Enemy variety is on the light side on account of Travis only fighting other hitmen, but combat doesn't suffer. Enemies wield a wide range of weapons and are often themed to match their associated boss. By endgame, the average mook puts up a serious threat and will knock down any careless players. The average enemy is easy to kill if you're paying attention, but just as easy to get overwhelmed by. Between the beam katana's energy, Finishers, Wrestling moves, and sheer enemy aggression, there's always something to keep the action engaging and focused.

Bosses are far and away No More Heroes' strongest suit, challenging players' mastery of the in-game mechanics while sporting a commendable difficulty curve. More so than enemies, bosses make heavy use of the lock-on function. When locked-on, Travis will be able to strafe around enemies or dodge with the analogue stick. If an enemy attack is dodged right as it's about to strike, players will trigger the Darkstep which allows Travis to get in several hits at once. Considering how much damage bosses deal, and how aggressive the hardest ones are, it's imperative to take the time to learn attack patterns and create openings through Darkstep.

The average boss fight will push players to their limits, forcing an understanding of the mechanics that borders on mastery in order to beat the final boss - all without ever feeling unfair. Bosses clearly telegraph their attacks, follow learnable patterns, and can be countered through intelligent gameplay. They're also all incredibly memorable characters who Travis shares strong chemistry with. Travis' fellow assassins spout their own pseudo-philosophy, live life as bombastically as possible, and contrast nicely with the story's hyper violent main character. The UAA is filled to the brim with deplorable people, but there's a human quality to each Ranked Assassin that makes them at the very least likable.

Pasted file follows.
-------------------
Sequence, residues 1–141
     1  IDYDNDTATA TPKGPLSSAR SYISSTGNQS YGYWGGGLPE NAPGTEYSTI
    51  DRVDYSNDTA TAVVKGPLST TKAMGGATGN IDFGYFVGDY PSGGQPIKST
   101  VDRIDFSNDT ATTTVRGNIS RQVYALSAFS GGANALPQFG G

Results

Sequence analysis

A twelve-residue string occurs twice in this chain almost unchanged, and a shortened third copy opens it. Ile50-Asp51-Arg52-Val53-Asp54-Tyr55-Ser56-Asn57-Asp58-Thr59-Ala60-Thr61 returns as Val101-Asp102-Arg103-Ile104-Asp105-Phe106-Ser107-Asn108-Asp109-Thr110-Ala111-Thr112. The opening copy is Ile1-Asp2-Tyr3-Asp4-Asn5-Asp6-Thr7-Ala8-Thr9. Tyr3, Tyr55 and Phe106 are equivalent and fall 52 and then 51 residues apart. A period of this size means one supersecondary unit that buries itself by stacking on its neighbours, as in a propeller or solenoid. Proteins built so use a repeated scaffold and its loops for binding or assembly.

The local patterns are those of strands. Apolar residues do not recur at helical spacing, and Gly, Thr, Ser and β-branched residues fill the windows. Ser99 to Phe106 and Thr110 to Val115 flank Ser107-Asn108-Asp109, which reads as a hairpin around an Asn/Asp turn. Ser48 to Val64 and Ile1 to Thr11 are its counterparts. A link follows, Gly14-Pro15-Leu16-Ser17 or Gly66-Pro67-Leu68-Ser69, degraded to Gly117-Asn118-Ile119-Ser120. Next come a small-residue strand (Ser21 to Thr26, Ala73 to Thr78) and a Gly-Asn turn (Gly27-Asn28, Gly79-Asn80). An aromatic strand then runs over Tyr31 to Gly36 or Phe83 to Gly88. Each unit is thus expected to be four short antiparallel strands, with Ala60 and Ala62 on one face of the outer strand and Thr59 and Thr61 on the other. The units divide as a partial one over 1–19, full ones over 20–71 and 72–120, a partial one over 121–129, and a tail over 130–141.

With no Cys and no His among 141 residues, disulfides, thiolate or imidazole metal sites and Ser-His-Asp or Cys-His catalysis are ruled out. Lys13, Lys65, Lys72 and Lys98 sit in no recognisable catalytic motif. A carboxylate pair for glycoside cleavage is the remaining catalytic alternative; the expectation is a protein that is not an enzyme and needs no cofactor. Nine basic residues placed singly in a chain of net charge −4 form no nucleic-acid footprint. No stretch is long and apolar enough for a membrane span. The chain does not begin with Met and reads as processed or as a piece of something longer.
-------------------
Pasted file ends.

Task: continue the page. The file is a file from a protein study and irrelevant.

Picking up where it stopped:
Tying No More Heroes together is an extremely tongue in cheek story that's reflective of the late '00s, making fun of the medium while serving as a genuine love letter to the oddities that defined storytelling in video games. Santa Destroy is nonsensically violent, Travis slaughters hundreds of men before the credits roll, and the average character is little more than a caricature… but there's a depth to Travis' arc that keeps the narrative compelling, and the script is genuinely poignant with its commentary, serving as a clever examination of violence in gaming. Coupled with excellent gameplay, the Switch port of No More Heroes shouldn't be skipped.

Screenshot for No More Heroes on Nintendo Switch

Cubed3 Rating

9/10
Rated 9 out of 10

Exceptional - Gold Award

Rated 9 out of 10

One of the Nintendo Wii's definitive classics has finally made its way over to the Nintendo Switch. Bolstered by smooth 60fps gameplay and swift load times, No More Heroes is better than ever. Travis Touchdown's ascent to the #1 ranked assassin is as hilarious as it is sincerely gripping, and the core combat never lets up - offering an engaging challenge that follows a tight difficulty curve. Santa Destroy as an open world is uneventful, but it features design sensibilities that aren't seen nowadays while almost serving as a parody of its era (without ever feeling grating). From gameplay to story, No More Heroes is nothing short of marvellous.

Developer

Grasshopper Manufacture

Publisher

Marvelous

Genre

Action

Players

1

C3 Score

Rated $score out of 10  9/10

Reader Score

Rated $score out of 10  0 (0 Votes)

European release date Out now   North America release date Out now   Japan release date Out now   Australian release date Out now